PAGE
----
• 3.55 p.m.: David Messick (Northwestern University): “An Alternative Logic for Understanding Decisions in Environmental Contexts”.
  • 4.30-5 p.m.: Discussant: Norbert Ross (Northwestern University); general discussion.
Saturday, April 17, 8 a.m.-12 p.m.; 2-5 p.m.
  • 8 a.m.: Scott Atran (University of Michigan/CNRS), “Folkecology and Commons Management in the Maya Lowlands”.
  • 8.35 a.m.: Paul Friesema (Northwestern University): “Sacred Lands and Environmental Struggle”.
  • 9.10 a.m.: Jeffrey Wollock (Solidarity Foundation): “Land, Language and History: meditation on a 16th. century controversy”.
  • 9.45 a.m.: coffee break.
  • 10.05 a.m.: Luisa Maffi (Northwestern University/Terralingua), Gonzalo Oviedo (W.W.F.-International), and Anthea Fallen-Bailey (University of Oregon/Terralingua): “Indigenous peoples, cultural diversity, and W.W.F.’s ecoregion-based conservation approach”.
  • 10.40 a.m.: Manuel Lizarralde (Connecticut College): “Process, Problems and Potentials of Mapping Indigenous Peoples onto Their Territories and Natural Environments”.
  • 11.15-11.45 a.m.: Discussant: Alaka Wali (Field Museum); general discussion.
  • 11.45 a.m.-2 p.m.: break; lunch; transfer to Field Museum.
  • 2-5 p.m.: Panel discussion at Field Museum: When Culture Meets Nature: diverse views of hunting and fishing.
Sunday, April 18, 9-11 a.m.; 1-5 p.m.
  • 9-11 a.m.: wrap-up session; general discussion of educational and policy implications.
  • 11 a.m.-1 p.m.: Break; lunch; transfer to Field Museum.
  • 1-5 p.m.: Video screening at Field Museum: Nature and Culture: preserving the diversity of life.
Friday, April 16, morning session:
David Harmon (The George Wright Society/Terralingua) Beyond Biophilia: what humans do with diversity.
Drawing on the thought and writing of the biologist Edward O. Wilson and the philosopher William James, this presentation will explore the human response to diversity, both in nature and in culture. With James as a touchstone, I will first try to present a simple model of how people deal with the “world of difference” we live in. Then, expanding on Wilson’s biophilia hypothesis, I will argue that the human need to affiliate with living nature is supplemented (and sometimes supplanted) by the need for cultural diversity. Finally, I will suggest some ways to “close the diversity protection circle” so that both biodiversity and cultural diversity are valued, both by committed advocates and the general public.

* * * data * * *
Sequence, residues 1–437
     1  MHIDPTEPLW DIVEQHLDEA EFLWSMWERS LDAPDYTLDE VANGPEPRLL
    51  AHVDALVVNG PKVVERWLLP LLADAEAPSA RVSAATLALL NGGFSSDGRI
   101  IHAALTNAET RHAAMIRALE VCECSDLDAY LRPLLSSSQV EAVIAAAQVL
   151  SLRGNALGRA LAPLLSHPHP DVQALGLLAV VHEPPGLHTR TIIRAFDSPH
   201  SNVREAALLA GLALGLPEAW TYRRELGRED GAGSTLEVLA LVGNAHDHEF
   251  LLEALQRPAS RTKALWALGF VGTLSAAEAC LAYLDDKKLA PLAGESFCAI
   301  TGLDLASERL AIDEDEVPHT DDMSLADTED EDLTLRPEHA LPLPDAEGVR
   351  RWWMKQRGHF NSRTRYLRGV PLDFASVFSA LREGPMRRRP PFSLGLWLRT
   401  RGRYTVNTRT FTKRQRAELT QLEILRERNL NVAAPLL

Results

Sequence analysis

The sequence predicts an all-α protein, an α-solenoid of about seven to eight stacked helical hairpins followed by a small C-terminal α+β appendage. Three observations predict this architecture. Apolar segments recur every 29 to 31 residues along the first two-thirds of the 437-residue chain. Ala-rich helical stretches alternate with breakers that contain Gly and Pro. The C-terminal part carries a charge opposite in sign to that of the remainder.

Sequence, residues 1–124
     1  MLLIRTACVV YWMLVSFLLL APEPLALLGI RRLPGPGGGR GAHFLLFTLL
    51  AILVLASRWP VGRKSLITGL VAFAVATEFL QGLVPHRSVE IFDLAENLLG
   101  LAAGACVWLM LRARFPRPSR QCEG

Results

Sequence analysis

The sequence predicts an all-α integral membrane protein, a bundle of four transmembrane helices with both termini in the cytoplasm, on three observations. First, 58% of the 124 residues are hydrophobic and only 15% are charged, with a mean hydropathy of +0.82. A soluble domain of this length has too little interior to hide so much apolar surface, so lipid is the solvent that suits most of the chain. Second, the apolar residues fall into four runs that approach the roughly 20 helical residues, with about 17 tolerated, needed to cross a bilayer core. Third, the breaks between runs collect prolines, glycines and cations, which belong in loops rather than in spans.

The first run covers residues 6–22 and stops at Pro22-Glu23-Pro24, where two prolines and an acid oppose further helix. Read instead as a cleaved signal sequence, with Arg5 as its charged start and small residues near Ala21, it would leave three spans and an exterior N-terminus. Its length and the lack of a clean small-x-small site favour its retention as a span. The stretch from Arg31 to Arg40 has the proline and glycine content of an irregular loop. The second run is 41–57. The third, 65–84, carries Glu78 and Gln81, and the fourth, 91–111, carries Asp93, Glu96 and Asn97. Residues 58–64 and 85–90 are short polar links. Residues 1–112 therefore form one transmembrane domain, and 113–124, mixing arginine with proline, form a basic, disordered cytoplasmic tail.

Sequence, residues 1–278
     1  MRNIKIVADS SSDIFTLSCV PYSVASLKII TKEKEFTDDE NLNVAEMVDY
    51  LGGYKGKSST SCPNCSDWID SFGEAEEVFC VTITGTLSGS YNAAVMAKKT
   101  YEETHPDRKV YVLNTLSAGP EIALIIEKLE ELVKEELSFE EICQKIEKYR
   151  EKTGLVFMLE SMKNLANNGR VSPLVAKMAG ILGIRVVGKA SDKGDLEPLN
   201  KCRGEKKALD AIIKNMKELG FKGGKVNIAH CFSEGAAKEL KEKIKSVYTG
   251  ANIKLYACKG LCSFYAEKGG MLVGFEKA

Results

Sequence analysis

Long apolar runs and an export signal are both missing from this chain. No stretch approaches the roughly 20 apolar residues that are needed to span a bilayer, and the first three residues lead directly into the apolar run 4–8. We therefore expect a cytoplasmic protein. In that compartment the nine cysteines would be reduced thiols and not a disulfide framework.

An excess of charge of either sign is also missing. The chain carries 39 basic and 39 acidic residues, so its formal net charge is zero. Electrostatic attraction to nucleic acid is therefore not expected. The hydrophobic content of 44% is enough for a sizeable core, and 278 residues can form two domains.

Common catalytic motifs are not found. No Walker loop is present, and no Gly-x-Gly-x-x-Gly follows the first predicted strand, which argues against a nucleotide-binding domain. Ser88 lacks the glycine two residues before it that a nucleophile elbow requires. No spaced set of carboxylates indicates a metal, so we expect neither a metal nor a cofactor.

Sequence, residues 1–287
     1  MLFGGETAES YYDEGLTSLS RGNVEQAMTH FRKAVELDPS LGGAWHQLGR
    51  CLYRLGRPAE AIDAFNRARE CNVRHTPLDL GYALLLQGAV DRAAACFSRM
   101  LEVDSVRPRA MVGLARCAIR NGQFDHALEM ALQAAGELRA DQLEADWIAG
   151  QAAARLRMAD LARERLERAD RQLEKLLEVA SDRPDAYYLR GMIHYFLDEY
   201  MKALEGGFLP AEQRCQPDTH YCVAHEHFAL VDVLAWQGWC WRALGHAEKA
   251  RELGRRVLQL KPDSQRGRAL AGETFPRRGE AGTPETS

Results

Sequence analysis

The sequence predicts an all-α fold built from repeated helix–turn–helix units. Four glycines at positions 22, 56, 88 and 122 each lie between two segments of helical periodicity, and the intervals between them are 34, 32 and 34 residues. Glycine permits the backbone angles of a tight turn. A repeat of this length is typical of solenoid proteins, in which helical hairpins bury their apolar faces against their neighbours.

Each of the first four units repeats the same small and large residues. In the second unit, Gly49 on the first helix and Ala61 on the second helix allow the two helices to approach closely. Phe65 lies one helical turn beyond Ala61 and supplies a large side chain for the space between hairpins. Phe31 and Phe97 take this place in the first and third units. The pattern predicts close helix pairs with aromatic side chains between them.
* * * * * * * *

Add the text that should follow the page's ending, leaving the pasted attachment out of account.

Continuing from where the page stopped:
Cecil H. Brown (Northern Illinois University) and Eugene S. Hunn (University of Washington) American Folk Biological Knowledge.
What do Americans know about plants and animals? Our project in formation focuses on one aspect of American folk biological knowledge, namely, how native speakers of American English go about and classifying living things. This is in the tradition of anthropological studies by such scholars as Brent Berlin, Ralph Bulmer, Harold Conklin, and Nancy Turner to mention only a few. Folk biological knowledge is not limited to classification and naming, but since investigation of such knowledge as held by Americans has barely begun, this would seem a logically appropriate initial focus for research. Some specific issues to be exa.m.ined include: (1) the taxonomic structure of biological knowledge, (2) the extent of knowledge possessed by Americans, and (3) how this knowledge is distributed (e.g., across individuals, social strata, ethnic groups, age groups, occupations, regions, time, etc.). In addition to contributing basic research on a topic of enduring interest in cognitive anthropology, findings will have implications for science education relating to biology, especially at primary and secondary levels, and for clinical studies of diseases such as Alzheimer’s that employ biological materials in neuropsychological testing.